Abhimanyu GhoshalManaging Editor
Abhimanyu is TNW's Managing Editor, and is all about personal devices, Asia's tech ecosystem, as well as the intersection of technology and Abhimanyu is TNW's Managing Editor, and is all about personal devices, Asia's tech ecosystem, as well as the intersection of technology and culture. Hit him up on Twitter, or write in: [email protected].
HERE Maps, formerly a part of Nokia, announced its plans to accelerate its efforts to map the globe and make its data openly available.
The company, which was acquired by car makers Audi AG, BMW Group and Daimler AG for $3 billion in August, says it’s working on high-resolution maps to enable autonomous vehicle technology. In a blog post, it explains:
… what if map data is not only designed for direct consumption by people, but also to be read by machines capable of processing vast quantities of information? When we build maps that need to be understood only by software then the paradox falls away: one can indeed have a map that is close to 1:1 scale, thereby maximizing its usefulness to a machine such as a self-driving vehicle.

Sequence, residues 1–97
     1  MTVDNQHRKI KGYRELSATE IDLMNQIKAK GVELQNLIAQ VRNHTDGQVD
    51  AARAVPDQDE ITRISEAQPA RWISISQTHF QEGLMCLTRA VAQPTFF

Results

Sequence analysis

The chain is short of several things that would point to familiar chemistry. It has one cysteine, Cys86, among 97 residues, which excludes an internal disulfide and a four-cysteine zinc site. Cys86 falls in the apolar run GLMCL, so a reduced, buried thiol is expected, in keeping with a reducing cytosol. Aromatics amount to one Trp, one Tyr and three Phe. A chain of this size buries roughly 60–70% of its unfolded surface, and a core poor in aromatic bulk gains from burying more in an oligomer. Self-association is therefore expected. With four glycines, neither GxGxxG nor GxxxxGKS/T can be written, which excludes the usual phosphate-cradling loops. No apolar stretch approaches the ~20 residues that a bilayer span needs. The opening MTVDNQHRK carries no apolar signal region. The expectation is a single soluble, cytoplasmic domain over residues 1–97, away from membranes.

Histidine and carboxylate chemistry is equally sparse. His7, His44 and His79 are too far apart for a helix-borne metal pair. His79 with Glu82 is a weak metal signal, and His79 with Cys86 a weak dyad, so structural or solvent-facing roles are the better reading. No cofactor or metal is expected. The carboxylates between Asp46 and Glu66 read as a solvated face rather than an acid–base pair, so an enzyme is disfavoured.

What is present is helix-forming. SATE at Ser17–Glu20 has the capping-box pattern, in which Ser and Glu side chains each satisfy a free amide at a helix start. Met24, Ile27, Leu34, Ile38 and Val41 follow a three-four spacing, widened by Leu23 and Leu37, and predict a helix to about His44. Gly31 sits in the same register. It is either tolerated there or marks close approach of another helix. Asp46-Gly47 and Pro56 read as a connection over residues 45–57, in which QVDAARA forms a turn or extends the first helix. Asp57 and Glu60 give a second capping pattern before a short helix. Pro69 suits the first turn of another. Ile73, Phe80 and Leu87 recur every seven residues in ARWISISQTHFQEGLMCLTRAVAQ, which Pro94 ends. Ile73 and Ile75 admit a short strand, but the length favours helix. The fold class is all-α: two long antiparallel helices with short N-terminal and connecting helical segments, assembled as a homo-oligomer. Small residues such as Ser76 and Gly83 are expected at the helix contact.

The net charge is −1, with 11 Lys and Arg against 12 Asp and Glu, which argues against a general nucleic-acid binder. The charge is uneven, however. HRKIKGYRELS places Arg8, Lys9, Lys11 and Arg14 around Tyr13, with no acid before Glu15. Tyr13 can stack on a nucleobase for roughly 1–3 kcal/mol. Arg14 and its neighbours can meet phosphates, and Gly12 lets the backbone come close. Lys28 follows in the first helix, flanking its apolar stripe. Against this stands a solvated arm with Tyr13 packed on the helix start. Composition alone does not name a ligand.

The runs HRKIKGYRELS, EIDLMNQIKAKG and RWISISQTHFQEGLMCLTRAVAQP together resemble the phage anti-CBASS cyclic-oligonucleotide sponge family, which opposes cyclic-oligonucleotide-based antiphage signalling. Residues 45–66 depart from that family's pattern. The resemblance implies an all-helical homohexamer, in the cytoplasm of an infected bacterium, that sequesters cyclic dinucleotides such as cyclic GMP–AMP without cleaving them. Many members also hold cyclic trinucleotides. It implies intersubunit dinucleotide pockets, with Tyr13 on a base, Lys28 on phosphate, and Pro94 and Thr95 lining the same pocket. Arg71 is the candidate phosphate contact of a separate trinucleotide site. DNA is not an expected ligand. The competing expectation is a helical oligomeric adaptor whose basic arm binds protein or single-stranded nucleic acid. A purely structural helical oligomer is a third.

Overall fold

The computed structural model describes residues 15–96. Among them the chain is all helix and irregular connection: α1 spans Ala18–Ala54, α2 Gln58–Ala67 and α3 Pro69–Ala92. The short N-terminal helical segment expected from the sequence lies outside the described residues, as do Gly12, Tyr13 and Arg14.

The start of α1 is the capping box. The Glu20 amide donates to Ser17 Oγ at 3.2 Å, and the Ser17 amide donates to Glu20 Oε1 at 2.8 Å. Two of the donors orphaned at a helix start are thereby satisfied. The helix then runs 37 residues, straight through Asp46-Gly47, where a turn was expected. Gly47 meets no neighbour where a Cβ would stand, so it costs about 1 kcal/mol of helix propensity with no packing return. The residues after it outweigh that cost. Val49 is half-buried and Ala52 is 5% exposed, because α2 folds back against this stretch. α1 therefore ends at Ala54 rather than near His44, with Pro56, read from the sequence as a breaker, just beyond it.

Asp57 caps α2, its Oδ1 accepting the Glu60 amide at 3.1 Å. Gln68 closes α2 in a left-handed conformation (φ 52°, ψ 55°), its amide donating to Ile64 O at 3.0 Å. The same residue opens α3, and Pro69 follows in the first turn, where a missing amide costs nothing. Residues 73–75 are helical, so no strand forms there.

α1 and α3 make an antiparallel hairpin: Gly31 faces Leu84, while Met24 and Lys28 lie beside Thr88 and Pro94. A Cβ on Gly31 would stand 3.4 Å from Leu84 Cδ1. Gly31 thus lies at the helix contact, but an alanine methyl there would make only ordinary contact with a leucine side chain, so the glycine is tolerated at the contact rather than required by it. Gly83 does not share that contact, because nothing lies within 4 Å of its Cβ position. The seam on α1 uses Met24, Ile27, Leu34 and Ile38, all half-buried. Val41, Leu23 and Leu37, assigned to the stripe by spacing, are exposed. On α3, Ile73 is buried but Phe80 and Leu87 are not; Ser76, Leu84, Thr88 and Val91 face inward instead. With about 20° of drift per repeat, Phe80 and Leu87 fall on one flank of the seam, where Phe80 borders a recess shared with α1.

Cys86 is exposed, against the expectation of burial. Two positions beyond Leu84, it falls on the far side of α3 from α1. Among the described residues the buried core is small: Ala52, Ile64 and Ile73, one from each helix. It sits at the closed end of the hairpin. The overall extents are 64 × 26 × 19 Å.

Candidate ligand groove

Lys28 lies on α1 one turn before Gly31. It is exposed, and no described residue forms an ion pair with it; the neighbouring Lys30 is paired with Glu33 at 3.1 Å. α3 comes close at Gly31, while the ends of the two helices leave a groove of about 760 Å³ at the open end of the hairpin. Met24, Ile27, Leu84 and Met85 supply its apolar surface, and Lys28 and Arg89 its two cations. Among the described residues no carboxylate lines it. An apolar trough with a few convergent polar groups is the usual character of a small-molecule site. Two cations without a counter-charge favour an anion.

HERE President Sean Fernback explains that the real-time mapping data the company is working on could serve a host of technologies:
The map is evolving into a live representation of the world, giving us a second-by-second view of our cities and road networks. Now we have the backing of three automotive companies which share our view that this map will be life-changing for people: it will power location services that improve mobility for people and enterprises, make driving safer and more enjoyable, and reduce emissions.
The company plans to collect anonymized data from Audi, BMW and Daimler vehicles to enhance its real-time maps.
HERE adds that it wants to be “an open location platform accessible to all customers – within and outside the automotive industry – who seek to leverage the power of location in their businesses.”
It’s an interesting path for Here to take — one might have guessed that the three car manufacturers that just bought it would want to keep its mapping know-how for themselves.
If the company can build out its real-time maps quicker than rivals like Google, it might soon have more automakers knocking on its doors for self-driving and navigational technology.
➤ Starting today, it’s a new world for Here… [HERE 360]
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